In the span of Stages 3-5, we lost Dave to a stomach bug, Gavin to injuries he incurred after crashing on a descent, and Quinten to debilitating knee pain. Blake was still going strong as an ox, but it had been a week of quite polarized sensations for me. After explicitly telling myself and teammates that I was actually happy with how my form was coming around and how I was finally getting acclimated to the racing style and the altitude after Stage 4, I woke up the morning of Stage 5 with a sore throat that quickly devolved into degenerative stomach issues that persisted throughout the stage and prevented me from holding anything down that wasn’t liquid.
Whatever it was that I caught, it would last until the end of the entire tour, by which point it would jump across to Blake. It put the kibosh on any chance of getting a result, consigning the both of us to the gruppetto for the better part of the remaining four straight stages.
That being said, though it was #gruppettolife for Blake and I for the rest of the race, the spectacle of the Tour du Rwanda never faded. Instances here and there seemed to put a damper on it briefly. During Stage 6, as the quintet I was with rode up the hills, we were booed, spit on, and had various things thrown at us. Perhaps the most startling thing was when I looked at the left side of the road, I saw a little girl, couldn't have been more than 7 years old, giving me the finger. It was hilarious.
Chants of “Mzungu,” a Bantu language terms used in the African Great Lakes region to refer to people of European descent, made it clear to me that the bad attitudes of the spectators was no more than just excitement that their local rider was in the lead, and cheering for him also meant booing us. Sheesh, riots at soccer games have led to stadiums collapsing and people dying, so this, in the grand scheme of things, ain’t that bad.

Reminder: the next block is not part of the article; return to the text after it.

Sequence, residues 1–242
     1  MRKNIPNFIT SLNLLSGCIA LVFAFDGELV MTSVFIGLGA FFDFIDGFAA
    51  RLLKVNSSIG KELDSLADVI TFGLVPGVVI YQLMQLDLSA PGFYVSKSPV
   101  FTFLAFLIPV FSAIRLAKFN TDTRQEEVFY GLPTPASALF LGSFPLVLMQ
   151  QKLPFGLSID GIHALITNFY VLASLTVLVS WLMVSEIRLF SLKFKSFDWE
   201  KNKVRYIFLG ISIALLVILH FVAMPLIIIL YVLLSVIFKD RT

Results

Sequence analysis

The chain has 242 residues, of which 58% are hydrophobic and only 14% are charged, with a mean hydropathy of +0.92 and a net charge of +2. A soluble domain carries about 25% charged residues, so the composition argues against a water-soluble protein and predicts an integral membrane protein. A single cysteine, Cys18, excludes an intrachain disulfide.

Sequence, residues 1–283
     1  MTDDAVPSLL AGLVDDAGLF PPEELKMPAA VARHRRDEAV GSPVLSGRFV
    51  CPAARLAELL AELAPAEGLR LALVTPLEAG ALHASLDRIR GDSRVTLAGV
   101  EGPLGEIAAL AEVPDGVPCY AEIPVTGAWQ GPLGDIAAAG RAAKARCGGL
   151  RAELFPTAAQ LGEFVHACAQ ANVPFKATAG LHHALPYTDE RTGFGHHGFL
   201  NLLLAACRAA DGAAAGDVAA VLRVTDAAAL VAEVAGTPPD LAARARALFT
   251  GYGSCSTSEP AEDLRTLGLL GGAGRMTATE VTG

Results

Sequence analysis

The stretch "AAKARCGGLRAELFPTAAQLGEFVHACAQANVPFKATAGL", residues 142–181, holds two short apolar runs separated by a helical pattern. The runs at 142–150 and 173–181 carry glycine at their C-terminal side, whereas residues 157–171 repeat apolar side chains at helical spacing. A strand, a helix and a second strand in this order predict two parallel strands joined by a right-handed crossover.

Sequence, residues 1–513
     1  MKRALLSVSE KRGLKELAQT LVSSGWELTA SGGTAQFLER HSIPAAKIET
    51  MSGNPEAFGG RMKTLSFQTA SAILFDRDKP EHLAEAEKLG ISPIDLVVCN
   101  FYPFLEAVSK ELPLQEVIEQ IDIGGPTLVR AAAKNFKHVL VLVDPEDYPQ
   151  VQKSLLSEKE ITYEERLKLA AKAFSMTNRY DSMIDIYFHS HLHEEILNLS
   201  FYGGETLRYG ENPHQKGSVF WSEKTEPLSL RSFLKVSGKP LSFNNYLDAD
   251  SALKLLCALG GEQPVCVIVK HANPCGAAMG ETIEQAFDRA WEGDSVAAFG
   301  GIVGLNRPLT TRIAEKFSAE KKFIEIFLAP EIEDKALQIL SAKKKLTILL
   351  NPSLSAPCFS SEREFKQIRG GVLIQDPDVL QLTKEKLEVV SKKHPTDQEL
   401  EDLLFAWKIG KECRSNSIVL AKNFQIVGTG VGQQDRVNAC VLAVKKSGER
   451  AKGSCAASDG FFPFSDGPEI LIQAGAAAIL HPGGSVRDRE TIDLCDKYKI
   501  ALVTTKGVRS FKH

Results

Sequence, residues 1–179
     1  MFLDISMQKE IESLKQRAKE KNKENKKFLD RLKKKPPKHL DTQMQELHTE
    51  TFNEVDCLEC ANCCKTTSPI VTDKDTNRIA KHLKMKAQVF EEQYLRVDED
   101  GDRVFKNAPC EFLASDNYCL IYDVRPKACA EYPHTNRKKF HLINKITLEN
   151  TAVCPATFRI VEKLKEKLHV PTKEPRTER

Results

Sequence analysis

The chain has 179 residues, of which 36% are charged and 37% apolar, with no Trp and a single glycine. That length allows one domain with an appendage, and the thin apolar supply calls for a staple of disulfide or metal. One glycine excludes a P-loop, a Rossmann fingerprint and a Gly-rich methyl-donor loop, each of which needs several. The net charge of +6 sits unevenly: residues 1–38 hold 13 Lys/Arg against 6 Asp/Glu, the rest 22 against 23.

And for every booer, there were a hundred people cheering. The crowds and their electricity were of a magnitude I didn’t even know was possible at a bike race. Coupled with this, the views along the routes were absolutely incredible. Throughout Stage 5, in most of the mountain villages that we passed through after we crested the major climbs of the day, we are able to see the tea and coffee farm plots that line the rolling hillsides that created this magnificent topographical layering around each hill, in which, from an aerial view, the plots formed concentric circles as we looked further and further down the mountain. On Stage 6, we finished at the base of a national volcanic park, and in the distance, we could see the peaks of the volcanoes towering over the farmlands beneath it. Kids can boo all they want, but that shit was breathtaking.
Stage 8 was not your perfunctory Tour-style ceremonial city-romp. Akin to the Sunset loop at Redlands, the last stage here could have easily been win or lose for the leader, Samuel Mugisha, who ended up taking the title by only 21 seconds.